Friday, January 16, 2015

The Sights

I will miss Ana's country. The first photo is a tetraevangelion, I forget the date, but at least 800years old.  We went and saw a church that grew out of a Roman-era site (the site goes back to the early Roman occupation, the church is Constantine-era). It is small, the nave is maybe 3 or 4m wide, the apse is circular, perhaps 12m diameter, and the narthex is partially enclosed, of a later date, and is rectangular. It is now surrounded by a government building housing (among other things) the ministry of science and education and a casino (which is not, to my knowledge, a government ministry).

The museum of archaeology is fascinating. The collection spans neolithic artifacts on down, with much space given to the Thracian culture, the Romans, Byzantines, and the local kings, some of whom were highly cultured and, at times, very powerful. Ana liked going bump-bump up and down the stairs, and some of the artifacts might have interested her, it is hard to say.

I was thinking about the pagan minds that made the art and cult objects, many of which are extremely beautiful and well-done. Mostly they focus on the gods; whether those be employed as objects of worship or ornament is a separate question. But you have Herakles, (demi-)god of strength, Apollo in war, Heros in hunting (god or man, not sure), Athena for wisdom, Eros and Aphrodite for love, Adonis for beauty, Zeus for command and power, and the list goes on. There is a simplicity of a sort here - strength is this strong god guy, you want strength, you pray to him. Same deal for love, wisdom, victory, what-have-you. And then the pagan culture is swallowed whole as though the earth opened up beneath it, and these pagan art and cult objects are replaced wholesale by Christian art and cult objects. There is even a scholarly argument that St. George and the dragon was a Christianization of Heros (or the Thracian horseman, if those are differentiable), and the likeness there is striking (this comment based on personal inspection of the artifacts today).

But the gods are gone.

In their place is this absurd figure who is claimed by these Christians to actually BE strength, wisdom, power, and even love and beauty. Where the pagans simply made an image of what they thought godlike strength was (and Herakles, while strong-looking, could also be called tubby), Christians pointed to this dying God and claimed that yes, here are all these things most truly found, and here alone.

The earth did open. Paganism is swallowed by death because this Jesus has himself swallowed death. No Orpheus negotiating his bride's release he, no, he who spoke the world out of nothing, who was born humbly of a virgin, who died on the cross, who walked out of a tomb afterwards to ascend to his Father's right hand - this Jesus who is called Christ - he commands the grave to give up his bride and leads her triumphantly from darkness into light. He may look at her. She may, nay must, gaze on him, for he is no Cupid to leave her - besides, she has broken many of his kind commands, but he forgives her in her repentance.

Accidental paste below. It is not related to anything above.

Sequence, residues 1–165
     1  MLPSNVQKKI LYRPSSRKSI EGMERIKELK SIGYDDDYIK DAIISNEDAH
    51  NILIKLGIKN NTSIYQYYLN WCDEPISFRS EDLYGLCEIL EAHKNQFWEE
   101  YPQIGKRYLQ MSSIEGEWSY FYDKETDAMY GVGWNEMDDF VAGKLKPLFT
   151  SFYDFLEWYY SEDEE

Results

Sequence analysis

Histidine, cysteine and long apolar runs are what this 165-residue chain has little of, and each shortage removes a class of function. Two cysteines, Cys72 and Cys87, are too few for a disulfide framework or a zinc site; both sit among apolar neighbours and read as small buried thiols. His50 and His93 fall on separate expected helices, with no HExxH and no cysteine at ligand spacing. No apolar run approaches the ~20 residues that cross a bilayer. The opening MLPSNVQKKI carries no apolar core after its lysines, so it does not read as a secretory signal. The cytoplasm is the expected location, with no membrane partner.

Paganism couldn't handle this.

We had such a nice walk that we were out for about two hours. When we got back we talked to Mama and Co., then Ana ate and Papa ate. Dinner was about 170kcal, putting us at about 480kcal today, which is satisfactory. Diaper output is pretty regular, with smaller #2 being directly correlated to the composition of her food (the potato+spinach food was noticeable, the banana+mango not so much).

We said goodbye to our American friends at the hotel, had a washcloth bath for Ana (which she really liked), a shower and shave for Papa (always makes security people happier if you smell nice), and are settling in for a short sleep. Up at 0400 and back to the USofA by 2100! Not bad until you add in the nine hours of time lag. Still, o ly thirty hours of travel to go between eastern Europe and the western US is pretty amazing, by any standard that considers human history.

Thank you again for your prayers! You may not hear from us for a little while, as there will be lots to do back home, but check back - when we have time, we will be delighted to give praise for God's continued work in Ana and in our family.

In Christ, who is our victory,
Papa and Ana

1 comment:

  1. I suppose Ana has seen more sights in a week then she has ever seen in her 13 years !
    Hope the journey goes by at the speed of a comet ;)

    ReplyDelete

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